Policy Time Limits on Certain Defense or Incontestable Provisions
UPDATED: June 19, 2018
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(a) After three (3) years from the date of issue of this policy no misstatements, except fraudulent misstatements, made by the applicant in the application for the policy shall be used to void the policy or to deny a claimfor loss commencing after the expiration of the three-year period.
(b) No claim for loss incurred commencing after three (3) years from the date of issue of this policy shall be reduced or denied on the ground that a disease or physical condition not excluded from coverage by name or specific description effective on the date of loss had existed prior to the effective date of coverage of this policy.”
Essentially, paragraph (a) means that if three years have passed since your policy was issued, your insurance company may not void the policy or deny a claim for an alleged misrepresentationor misstatement on your application. Paragraph (b) means that the insurer also may not reduce or deny a claim because the particular physical condition that is the basis of your claim existed prior to the date of your application, should they discover it three years after the policy was issued.
Note that with regard to (a), above, if the insured’s age was misstated, and the policy has a provision allowing for adjustment of benefits based on correct age, the time limit of this provision does not apply. An adjustment based on age can be made at any time.
Without this provision, an insurance company discovering a misrepresentation or a pre-existing condition many years after the date on which the policy was issued would be able at any time to rescind coverage or to reduce or deny a claim for a pre-existing condition. State legislators felt that policyholders, after a long time period in which they have paid premiums, are entitled to have a feeling of security and certainty in their policies and that a time limit of about 3 years was sufficient for most insurance companies to discover any misrepresentations or apply pre-existing conditions. The time limit varies from state to state, but is usually either 2 or 3 years.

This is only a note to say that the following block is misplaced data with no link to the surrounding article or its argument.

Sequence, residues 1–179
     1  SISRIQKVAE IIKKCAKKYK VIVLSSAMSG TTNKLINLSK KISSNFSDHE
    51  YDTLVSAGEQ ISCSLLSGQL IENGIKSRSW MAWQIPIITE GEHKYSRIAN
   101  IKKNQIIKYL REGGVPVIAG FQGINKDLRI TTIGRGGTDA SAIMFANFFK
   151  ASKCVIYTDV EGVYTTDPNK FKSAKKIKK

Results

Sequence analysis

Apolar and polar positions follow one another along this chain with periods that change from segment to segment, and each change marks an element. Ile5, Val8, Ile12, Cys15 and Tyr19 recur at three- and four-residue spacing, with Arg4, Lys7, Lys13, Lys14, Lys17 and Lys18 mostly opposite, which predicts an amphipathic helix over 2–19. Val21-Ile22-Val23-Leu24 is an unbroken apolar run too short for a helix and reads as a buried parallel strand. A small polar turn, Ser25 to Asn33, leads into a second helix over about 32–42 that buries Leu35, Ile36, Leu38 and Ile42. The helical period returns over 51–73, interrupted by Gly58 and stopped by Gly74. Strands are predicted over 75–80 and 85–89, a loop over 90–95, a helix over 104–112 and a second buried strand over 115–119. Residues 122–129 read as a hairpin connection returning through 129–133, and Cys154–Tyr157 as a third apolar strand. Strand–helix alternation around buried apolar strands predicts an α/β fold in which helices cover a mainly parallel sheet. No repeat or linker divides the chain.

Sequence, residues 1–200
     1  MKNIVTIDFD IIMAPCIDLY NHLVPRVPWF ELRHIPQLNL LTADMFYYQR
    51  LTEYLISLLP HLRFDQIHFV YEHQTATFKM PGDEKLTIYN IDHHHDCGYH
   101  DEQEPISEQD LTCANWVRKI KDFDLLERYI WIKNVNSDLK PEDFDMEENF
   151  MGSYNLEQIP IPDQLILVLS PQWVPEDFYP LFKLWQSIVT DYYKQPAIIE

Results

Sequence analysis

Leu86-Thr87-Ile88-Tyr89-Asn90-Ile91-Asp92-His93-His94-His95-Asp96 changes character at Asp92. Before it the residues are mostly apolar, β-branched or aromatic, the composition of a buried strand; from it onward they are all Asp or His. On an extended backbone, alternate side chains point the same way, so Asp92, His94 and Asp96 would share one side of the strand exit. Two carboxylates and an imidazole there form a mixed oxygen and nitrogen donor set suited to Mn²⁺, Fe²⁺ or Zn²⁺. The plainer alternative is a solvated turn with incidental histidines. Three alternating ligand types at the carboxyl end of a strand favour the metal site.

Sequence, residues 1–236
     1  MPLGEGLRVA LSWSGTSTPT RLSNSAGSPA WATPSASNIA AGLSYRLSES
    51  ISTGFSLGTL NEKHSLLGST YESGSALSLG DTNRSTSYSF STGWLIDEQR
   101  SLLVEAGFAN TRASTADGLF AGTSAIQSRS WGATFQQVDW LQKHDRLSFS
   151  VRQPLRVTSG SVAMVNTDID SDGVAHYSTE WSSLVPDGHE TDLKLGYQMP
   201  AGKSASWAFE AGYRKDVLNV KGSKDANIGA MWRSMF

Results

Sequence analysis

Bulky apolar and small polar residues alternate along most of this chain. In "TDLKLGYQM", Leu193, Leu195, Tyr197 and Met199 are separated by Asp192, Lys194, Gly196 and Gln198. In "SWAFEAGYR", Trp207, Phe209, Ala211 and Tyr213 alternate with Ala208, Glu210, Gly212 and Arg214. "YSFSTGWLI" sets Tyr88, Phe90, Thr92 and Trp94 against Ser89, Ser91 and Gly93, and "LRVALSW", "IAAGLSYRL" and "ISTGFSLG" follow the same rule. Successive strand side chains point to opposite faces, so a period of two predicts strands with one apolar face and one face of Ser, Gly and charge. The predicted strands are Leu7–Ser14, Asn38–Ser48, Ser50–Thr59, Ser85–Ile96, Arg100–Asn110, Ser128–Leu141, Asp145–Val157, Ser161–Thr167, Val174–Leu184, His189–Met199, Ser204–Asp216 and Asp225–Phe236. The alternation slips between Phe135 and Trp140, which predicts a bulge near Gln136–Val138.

“Grace Period: A grace period of 31 days will be granted for the payment of each premium falling due after the first premium, during which grace period the policy shall continue in force.”
The grace period allows you more time to pay your premium after the due date during which the policy may not be canceled. If the due date to pay your premium, for example, is April 30th, a typical grace period would give you until May 31st to pay or be subject to cancellation. The grace period may be as few as 7 days if the policy requires a weekly premium, 10 days for a monthly premium and 31 days for most other policies. The majority of policies, however, allow for 30 or 31 days.
The grace period automatically keeps your policy coverage in force for a defined period after the date on which renewal premiums are due but not paid. The required language of the provision is very clear so that you will not be confused about the amount of “extra” time you have in which to pay the premium and keep your policy in force even though the premium due date has passed.
If the policy is not guaranteed renewable, i.e., one in which the insurance company has the right to refuse to renew it on the policy anniversary, then the above wording in the grace period provision must be preceded by the following additional wording:
Additional Wording if company has right to refuse to renew policy on anniversary
|“Unless not less than thirty (30) days prior to the premium due date the insurance company has delivered to the insured or has mailed to his last known address, as shown by the records of the insurance company, written notice of its intention not to renew this policy beyond the period for which the premium has been accepted; …”|
Lawsuits focusing on the grace period often concentrate on the timeliness of payment of the premium. A relative of an insured, for example, may argue that the full grace period had not elapsed at the time of the insured’s death and that benefits should be paid. If you, the insured, die after the premium due date but before the end of the grace period, any benefits due will be reduced by any premium due. You or your attorney may also be able to argue that your insurance company, because of certain practices such as a pattern of accepting payments beyond the grace period, has waived its right to terminate the policy at the end of the grace period.
*Wording may vary from contract to contract and from state to state.